border

(redirected from bordered)
Also found in: Dictionary, Thesaurus, Medical, Financial, Encyclopedia.
Related to bordered: boarded

border (up)on (something)

1. Literally, to be positioned next to something. France borders upon Spain to the south. That shed definitely borders on our property.
2. To be very similar to something without being identical; to nearly be something. Be careful, some sections of this paper are bordering on plagiarism.
See also: border

work both sides of the street

1. Literally, to occupy positions on both sides of a single street in order to sell something to people walking on either side. Our sales were doing OK, but it wasn't until I hired a second food truck and started working both sides of the street that things really took off.
2. To aid, support, or engage with both sides of some issue, situation, agenda, competition, etc. Usually used with the implication of doing so in a duplicitous manner to benefit one's own interests or agenda, though not always. She was accused of working both sides of the street, acting as a legal adviser for groups trying to legalize recreational cannabis while also serving on the board of several organizations that have tried to quash such actions. Look, I've been working both sides of the street in Washington for years, negotiating the rather volatile divide between corporate and political interests very carefully.
See also: both, of, side, street, work
Farlex Dictionary of Idioms. © 2015 Farlex, Inc, all rights reserved.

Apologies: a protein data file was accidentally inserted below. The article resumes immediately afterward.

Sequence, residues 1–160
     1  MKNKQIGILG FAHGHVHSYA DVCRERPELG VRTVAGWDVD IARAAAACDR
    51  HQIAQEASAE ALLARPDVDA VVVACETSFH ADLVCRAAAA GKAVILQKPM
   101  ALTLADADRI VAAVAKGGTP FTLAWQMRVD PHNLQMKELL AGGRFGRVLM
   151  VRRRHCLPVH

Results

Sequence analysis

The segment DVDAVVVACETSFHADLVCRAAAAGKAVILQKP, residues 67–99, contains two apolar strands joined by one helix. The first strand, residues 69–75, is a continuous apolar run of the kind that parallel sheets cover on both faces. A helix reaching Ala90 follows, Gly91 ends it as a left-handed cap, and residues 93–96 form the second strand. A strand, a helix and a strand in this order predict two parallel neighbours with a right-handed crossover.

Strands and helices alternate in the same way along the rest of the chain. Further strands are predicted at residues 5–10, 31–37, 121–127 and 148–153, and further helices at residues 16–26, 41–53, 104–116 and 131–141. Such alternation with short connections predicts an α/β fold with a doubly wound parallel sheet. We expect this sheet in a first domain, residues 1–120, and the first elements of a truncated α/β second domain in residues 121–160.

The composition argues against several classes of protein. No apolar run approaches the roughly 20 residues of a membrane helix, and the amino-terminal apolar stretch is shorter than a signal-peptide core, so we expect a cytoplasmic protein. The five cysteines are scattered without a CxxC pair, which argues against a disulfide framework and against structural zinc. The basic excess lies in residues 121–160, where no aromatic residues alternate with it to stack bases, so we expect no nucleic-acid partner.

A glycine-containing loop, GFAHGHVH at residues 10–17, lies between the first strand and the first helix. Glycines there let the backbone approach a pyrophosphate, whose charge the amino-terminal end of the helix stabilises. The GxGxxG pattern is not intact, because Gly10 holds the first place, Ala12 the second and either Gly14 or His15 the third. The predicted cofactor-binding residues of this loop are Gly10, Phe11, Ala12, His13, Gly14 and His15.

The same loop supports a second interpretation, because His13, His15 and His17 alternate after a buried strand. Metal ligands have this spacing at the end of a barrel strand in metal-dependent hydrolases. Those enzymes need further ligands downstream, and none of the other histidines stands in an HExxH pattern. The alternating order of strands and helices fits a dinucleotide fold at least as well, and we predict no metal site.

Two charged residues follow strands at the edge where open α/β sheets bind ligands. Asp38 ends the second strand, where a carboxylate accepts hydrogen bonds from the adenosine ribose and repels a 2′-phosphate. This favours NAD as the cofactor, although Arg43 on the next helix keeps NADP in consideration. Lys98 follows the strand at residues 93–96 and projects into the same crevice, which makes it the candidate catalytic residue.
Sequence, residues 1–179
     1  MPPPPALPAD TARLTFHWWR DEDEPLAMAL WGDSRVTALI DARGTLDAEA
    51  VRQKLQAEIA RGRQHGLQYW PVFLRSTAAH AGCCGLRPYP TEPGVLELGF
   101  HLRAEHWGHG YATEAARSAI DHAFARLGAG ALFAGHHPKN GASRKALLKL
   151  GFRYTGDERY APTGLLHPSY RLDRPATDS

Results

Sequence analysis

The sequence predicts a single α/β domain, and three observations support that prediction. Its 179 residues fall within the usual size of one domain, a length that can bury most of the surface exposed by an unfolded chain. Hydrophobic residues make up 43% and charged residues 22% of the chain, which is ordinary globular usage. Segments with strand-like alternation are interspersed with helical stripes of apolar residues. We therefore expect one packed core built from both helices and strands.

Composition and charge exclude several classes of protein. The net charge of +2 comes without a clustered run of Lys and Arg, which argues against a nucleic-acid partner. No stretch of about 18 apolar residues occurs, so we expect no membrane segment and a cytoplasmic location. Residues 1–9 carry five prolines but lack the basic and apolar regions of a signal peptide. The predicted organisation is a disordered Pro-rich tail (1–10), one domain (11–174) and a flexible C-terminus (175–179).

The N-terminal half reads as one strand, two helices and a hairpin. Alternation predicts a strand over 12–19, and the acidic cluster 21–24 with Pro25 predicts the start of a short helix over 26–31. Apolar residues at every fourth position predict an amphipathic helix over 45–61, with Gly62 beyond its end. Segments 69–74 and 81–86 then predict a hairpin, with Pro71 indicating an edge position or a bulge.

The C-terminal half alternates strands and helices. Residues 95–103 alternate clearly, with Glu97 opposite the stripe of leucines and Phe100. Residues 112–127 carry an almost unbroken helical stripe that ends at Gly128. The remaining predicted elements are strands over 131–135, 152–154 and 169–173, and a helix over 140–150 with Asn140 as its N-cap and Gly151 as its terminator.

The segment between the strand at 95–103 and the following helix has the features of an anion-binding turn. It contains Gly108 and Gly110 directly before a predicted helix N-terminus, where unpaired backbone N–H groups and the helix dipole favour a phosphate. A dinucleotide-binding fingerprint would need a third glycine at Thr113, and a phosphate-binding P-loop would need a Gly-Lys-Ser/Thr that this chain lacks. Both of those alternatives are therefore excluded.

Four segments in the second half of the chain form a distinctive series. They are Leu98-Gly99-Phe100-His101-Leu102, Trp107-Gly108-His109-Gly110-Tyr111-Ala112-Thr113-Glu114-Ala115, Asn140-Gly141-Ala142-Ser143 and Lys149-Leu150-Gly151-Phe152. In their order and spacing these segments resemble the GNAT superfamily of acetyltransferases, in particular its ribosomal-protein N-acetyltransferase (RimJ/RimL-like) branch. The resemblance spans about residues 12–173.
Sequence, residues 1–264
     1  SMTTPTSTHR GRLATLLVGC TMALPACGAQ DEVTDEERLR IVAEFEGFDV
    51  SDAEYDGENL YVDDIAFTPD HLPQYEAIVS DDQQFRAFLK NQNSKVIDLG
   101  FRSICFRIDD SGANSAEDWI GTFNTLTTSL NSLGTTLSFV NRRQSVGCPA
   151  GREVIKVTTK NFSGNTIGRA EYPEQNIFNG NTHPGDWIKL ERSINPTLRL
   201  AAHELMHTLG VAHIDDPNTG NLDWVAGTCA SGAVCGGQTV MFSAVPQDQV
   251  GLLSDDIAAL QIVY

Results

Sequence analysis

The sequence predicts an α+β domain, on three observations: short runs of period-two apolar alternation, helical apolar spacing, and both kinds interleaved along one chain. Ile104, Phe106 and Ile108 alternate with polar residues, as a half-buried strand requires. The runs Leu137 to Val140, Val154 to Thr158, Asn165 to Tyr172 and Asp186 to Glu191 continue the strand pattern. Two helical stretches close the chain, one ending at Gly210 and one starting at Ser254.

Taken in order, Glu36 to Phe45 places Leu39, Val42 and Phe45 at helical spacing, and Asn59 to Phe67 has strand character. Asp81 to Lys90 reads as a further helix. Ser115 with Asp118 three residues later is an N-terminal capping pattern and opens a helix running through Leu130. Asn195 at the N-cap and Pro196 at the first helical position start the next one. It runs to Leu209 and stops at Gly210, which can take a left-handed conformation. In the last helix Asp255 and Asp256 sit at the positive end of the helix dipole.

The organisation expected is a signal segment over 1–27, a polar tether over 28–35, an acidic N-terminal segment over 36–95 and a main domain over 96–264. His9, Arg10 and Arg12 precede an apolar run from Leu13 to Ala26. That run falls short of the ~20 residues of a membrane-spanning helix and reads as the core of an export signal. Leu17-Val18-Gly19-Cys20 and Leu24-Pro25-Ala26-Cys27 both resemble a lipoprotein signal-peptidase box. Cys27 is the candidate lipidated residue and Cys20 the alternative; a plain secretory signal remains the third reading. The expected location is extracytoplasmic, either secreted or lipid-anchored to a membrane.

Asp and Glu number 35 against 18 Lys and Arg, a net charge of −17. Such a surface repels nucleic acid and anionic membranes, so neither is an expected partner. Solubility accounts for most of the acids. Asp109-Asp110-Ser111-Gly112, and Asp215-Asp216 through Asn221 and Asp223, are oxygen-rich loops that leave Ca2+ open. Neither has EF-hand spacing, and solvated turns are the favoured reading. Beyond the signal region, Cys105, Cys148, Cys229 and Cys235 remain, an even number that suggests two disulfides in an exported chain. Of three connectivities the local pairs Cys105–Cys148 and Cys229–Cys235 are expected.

border (up)on something

 
1. Lit. [for something] to touch upon a boundary. (Upon is more formal and less commonly used than on.) Our property borders on the lakeshore. The farm borders upon the railroad tracks.
2. Fig. [for some activity or idea] to be very similar to something else. (Not usually physical objects. Upon is formal and less commonly used than on.) This notion of yours borders upon mutiny! That plan borders on insanity.
See also: border, on
McGraw-Hill Dictionary of American Idioms and Phrasal Verbs. © 2002 by The McGraw-Hill Companies, Inc.

work both sides of the street

Engage in doubledealing, be duplicitous, as in The real estate agent was known for working both sides of the street, advising first the buyer and then the seller . This metaphoric term transfers opposite sides of a street to opposite sides of a negotiation.
See also: both, of, side, street, work
The American Heritage® Dictionary of Idioms by Christine Ammer. Copyright © 2003, 1997 by The Christine Ammer 1992 Trust. Published by Houghton Mifflin Harcourt Publishing Company. All rights reserved.

border on

or border upon
v.
1. To be next to something in location: New York State borders on Lake Ontario. My property borders upon a small lake.
2. To come close to being something, especially in association, meaning, or intent; verge on something: Your harsh criticism borders on being offensive. Some of their jokes were funny, but others bordered upon the ridiculous!
See also: border, on
The American Heritage® Dictionary of Phrasal Verbs. Copyright © 2005 by Houghton Mifflin Harcourt Publishing Company. Published by Houghton Mifflin Harcourt Publishing Company. All rights reserved.

work both sides of the street

To engage in double-dealing; be duplicitous.
See also: both, of, side, street, work
American Heritage® Dictionary of the English Language, Fifth Edition. Copyright © 2016 by Houghton Mifflin Harcourt Publishing Company. Published by Houghton Mifflin Harcourt Publishing Company. All rights reserved.
See also: